Friday, March 15, 2013

Repost: Blackhawk landslide, California - from Pathological Geomorphology

This article was originally posted at the soon-to-be-defunct site, Pathological Geomorphology, and was transferred here (thanks Kyle!) to the active Pathological Geomorphology (Tumblr). My original post was a response and addition to Callan's Blackhawk landslide post on Posterous, which is now here on the Tumblr site. I've transferred the original photos, added captions, and added a Google Maps location link at the bottom. I've added the original comments (with soon-to-be-dead links to Posterous) at the bottom. Also see this related post here on LFD.

I'm posting a few additional views of the Blackhawk Landslide in California, to emphasize the truly pathological geomorphology of the area. In the views showing slide toe and slide source, I've moved the source area farther into the mountain from the original given by San Diego State [dead (kmz) link originally sourced here]. I've done this based on prior knowledge and published maps. Basically, the entire steep northern face of Blackhawk Mountain is the slide source area.
Google Earth view showing the slide source and slide toe.
Google Earth view looking from above the toe toward the source.
Google Earth view looking from above the source toward the toe.
Additionally, there are other older landslides in the area, most notably the one sometimes called the Silver Reef landslide, which is just east of the Blackhawk. Also, many additional breccias and possible landslide deposits have been mapped in the area. The geologic maps (Big Bear City quad and Cougar Buttes quad) are really awesome, especially if you know how complex the geology really is. There are numerous thrusts from the south, placing brecciated rocks of multiple ages on usually older rocks. In at least one place, bedrock has been pushed over one of the older breccias. Or is it really bedrock?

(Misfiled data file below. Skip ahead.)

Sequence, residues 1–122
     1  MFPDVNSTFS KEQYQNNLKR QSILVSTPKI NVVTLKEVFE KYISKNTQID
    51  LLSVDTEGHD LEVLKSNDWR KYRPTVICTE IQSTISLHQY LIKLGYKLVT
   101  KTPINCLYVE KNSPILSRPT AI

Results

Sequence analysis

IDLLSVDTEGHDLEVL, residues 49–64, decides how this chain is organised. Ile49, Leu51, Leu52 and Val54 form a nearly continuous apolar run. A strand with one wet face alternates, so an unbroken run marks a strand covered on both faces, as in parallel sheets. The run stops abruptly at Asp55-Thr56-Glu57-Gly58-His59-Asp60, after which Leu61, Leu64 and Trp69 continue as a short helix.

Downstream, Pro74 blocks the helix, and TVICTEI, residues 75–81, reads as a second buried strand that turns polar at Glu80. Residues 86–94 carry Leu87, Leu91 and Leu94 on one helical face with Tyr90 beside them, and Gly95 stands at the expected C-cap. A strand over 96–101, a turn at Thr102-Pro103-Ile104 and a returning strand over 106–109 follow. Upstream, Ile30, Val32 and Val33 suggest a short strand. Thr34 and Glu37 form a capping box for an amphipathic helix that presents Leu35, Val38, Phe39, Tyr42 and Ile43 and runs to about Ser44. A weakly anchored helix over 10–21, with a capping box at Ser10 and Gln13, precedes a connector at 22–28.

Back in the 1980's, I mapped a large area of Blackhawk Mountain and surrounding areas at 1inch = 500 feet. I found, and so have others working in the nearby northern slopes of the San Bernardino Mountains, that if you start at the top, clearly in bedrock, sometimes brecciated, and map down, then you will be tempted to map bedrock until you are clearly in landslide debris. If you start from the top and map up, the opposite is likely to happen.
Google Earth aerial view.
Aerial view with annotated geology.
The reason for northward thrusting is the bend in the San Andreas fault, causing the westward, southward side to be pushed northward, breaking over the steepened San Bernardino Mountains in low-angle faults. The thrusts cause brecciation, and the steepening, brecciation, and low-angle faulting predisposes the area to massive sliding. Stratigraphy is somewhat retained in the slides, and gold has been mined from nicely pre-broken landslid rock of the Blackhawk Slide. Silver occurs in somewhat disturbed veins in the Silver Reef Slide.

In the annotated view, the Younger LS deposits (yellow) are Holocene or late Pleistocene; the Older LS deposists (turquoise and pink) are middle or early Pleistocene; the Moderately Old LS deposits (purple and orange) are middle or early Pleistocene; the very old debris flow fan deposit (purple) is middle or early Pleistocene; and the QT Breccias (blue and red) are Pleistocene or Pliocene.

Lockwood DeWitt responded:
Lockwood DeWitt
Nice! The annotated map/image at the end really help clarify the messyness of interpretation here.
Silver Fox responded:
Silver Fox
And it doesn't even show the really screwed up bedrock!
Katharine North responded:
Great images, Silver Fox! I'm going back and forth between the annotated image and the non-annotated ones, looking at the landscape differently each time, picking out the details. I like your note about the effect of where you start mapping - good to remember!

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